Genetic and acquired forms of CJD are attributable to genetic mutations and infection, respectively. Sporadic CJD occurs without evidence of either of these causes.
In March of 2011, the CJDSS, working closely with Canadian clinicians, identified a probable case of variant Creutzfeldt-Jakob disease (vCJD) in a Canadian resident. Variant CJD is the only known zoonotic human prion disease, resulting mostly from dietary exposure to a feedborne prion disease of cattle, bovine spongiform encephalopathy (BSE, commonly known as “mad cow disease”), that emerged internationally in the 1980s and 1990s. The CJDSS had previously identified only one other case of vCJD (in 2002)Article 1, and both individuals are believed to have contracted the disease while outside of Canada. Evidence to date also strongly indicates that the most recent case presents no negative implications for the safety of the Canadian food supply, and poses no secondary risks to the health of Canadians. However, the individual’s residence history led to an update of Canada’s deferral criteria for blood donation. For further information on the second Canadian case of variant CJD, please refer to the original case reportArticle 2 and for information pertaining to blood deferral policies, please visit the Health Canada Deferral Policy UpdateArticle 3 or the Canadian Blood Services websiteArticle 4. Readers can also refer to the Héma-Québec websiteArticle 5.
Key Article Links
- First Canadian Case of Variant Creutzfeldt-Jakob Disease (Variant CJD)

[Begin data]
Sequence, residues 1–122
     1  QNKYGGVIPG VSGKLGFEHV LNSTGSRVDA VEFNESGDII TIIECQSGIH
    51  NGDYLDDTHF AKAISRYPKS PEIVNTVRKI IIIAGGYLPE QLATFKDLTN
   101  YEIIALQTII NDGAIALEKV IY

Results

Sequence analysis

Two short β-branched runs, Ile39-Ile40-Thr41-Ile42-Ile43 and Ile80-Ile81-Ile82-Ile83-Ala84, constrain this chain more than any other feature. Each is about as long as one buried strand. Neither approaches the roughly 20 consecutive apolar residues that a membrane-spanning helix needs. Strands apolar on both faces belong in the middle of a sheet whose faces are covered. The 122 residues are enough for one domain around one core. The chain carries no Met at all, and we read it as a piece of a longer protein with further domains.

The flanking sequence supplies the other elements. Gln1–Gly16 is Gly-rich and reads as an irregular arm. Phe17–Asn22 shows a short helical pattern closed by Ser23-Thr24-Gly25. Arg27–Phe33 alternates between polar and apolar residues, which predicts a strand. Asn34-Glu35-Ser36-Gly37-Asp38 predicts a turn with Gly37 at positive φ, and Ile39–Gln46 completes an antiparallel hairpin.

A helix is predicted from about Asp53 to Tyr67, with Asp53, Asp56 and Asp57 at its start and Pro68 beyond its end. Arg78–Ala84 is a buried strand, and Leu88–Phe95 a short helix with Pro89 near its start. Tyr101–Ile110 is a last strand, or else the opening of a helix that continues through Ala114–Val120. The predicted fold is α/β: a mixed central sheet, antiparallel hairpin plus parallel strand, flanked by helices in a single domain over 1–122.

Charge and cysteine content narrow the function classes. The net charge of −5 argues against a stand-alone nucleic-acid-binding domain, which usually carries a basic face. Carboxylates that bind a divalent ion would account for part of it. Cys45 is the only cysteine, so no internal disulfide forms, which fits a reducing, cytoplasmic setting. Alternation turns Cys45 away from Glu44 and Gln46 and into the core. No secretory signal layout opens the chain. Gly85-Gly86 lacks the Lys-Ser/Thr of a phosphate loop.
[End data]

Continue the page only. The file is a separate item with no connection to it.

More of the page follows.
- 2011 Original CJD Case Report
- Health Canada Deferral Policy Update
- Canadian Blood Services website - vCJD Travel Deferral
- Héma-Québec website
(Note that definitions for words highlighted in bold can be found in the “Helpful Definitions” box following the article.)
Genetic variation plays a number of important roles in the biology of human prion diseases, and for this reason the CJDSS requests consent for molecular genetic testing during full case investigations (referrals) of suspected CJD. Some key background information on this facet of CJD diagnosis and surveillance is provided here.
It is estimated that 5–20% of human prion diseases are caused by mutations in the PRNP gene, and are thus genetically heritableReference 1. All of the more than 40 different known PRNP alleles carrying prion disease-causing mutations have been found to date lie within a short segment of the PRNP gene that encodes the amino acid sequence of the prion protein (PrP). When present, most of these mutations are dominant and highly penetrant (i.e., highly likely to cause disease), although age of onset can vary widely from early adulthood (or even adolescence) into old age. Thus, in nearly all cases a straightforward DNA sequence analysis can effectively rule in or rule out a genetic cause for a patient’s neuropathologically confirmed prion disease, and can also strongly support a diagnosis of prion disease even in the absence of neuropathological information. Of the total of 484 definite and probable cases of human prion disease identified by the CJDSS in Canada since 1998, 34 (7%) have been linked to such a mutation.